Tens of thousands of tertiary students and staff attend more than a dozen campuses of Brisbane’s universities and TAFE colleges each weekday. Classes begin as early as 8am and end as late as 10pm. Yet many of these potential public transport users opt to drive because of poor access to public transport – usually meaning unsustainable travel times or unsafe options – and high costs.
Why do the bulk of Brisbane’s transport options follow existing main roads or rail corridors when, increasingly, key activities are located elsewhere?
One key problem, of course, is the disappointing lack of foresight with town-planning that has seen development approvals for large health, educational and other community facilities mostly on unused/unwanted parcels of land not particularly close to existing public transport.
That, coupled with a reluctance – even unwillingness – to create adequate services for those facilities, means private transport is too often the only solution.
One northside private school that opened in 1960 today has more than 1600 students from pre-school to Year 12. Visit it morning and evening and you’ll see the vast majority of students being dropped off and picked up by car – not because of affluence or laziness but because of the lack of available, reliable public transport options and interconnections.
At this one school alone, as school begins each year, students of all ages pile onto dangerously overcrowded buses. It’s not uncommon that some are left standing at their home or school stop because buses are too full or simply don’t turn up. Sometimes there have been ridiculous situations where students can get to school by bus but not home again because there were no return services on that route.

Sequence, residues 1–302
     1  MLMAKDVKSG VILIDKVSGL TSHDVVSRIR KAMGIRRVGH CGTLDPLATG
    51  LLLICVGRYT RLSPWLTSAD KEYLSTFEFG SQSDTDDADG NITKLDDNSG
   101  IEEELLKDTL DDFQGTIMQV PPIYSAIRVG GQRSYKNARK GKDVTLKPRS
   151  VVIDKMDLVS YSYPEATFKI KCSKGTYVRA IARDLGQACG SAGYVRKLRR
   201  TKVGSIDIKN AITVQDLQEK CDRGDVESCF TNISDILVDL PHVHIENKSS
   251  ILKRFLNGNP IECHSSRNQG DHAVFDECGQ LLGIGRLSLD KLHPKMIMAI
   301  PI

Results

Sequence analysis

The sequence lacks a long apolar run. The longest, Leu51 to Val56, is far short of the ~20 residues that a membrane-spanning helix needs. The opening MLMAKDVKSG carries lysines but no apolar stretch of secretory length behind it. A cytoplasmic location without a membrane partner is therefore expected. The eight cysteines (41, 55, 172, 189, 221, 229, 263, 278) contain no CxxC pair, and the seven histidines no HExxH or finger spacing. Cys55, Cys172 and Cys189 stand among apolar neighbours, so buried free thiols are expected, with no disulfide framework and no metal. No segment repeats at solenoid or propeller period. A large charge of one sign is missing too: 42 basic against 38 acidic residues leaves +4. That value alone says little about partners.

Requests by parents and this school over the years for extra services to cater for students coming from a wider catchment area – or to accommodate extracurricular commitments before and after school – have, mostly, fallen on deaf ears.
Eventually these youngsters and their parents give up and find a private alternative, sending a powerfully negative message to current and potential public transport users and consigning them to less-active options.
Part of the price of growth for any capital city must be attention to public transport frequency, reliability and economy.
In Tokyo and New York, for example, trains come every few minutes during peak periods and off-peak at least every 10 minutes. In Sydney, Melbourne and Perth at least, one can already pretty much survive without a car at all or with one per household at most.
Yes, all but Perth are much larger cities, but we need to move towards those levels of service and planning if we are to drive public transport use upwards and reduce our reliance on dwindling oil reserves.
Unless and until Brisbane’s transport system is efficient, effective, relatively inexpensive and responsive to a broader range of passengers and their needs, its residents will be forced to choose private transport at an increasingly expensive cost to themselves and society.
Written by Trina McLellan originally in September, 2007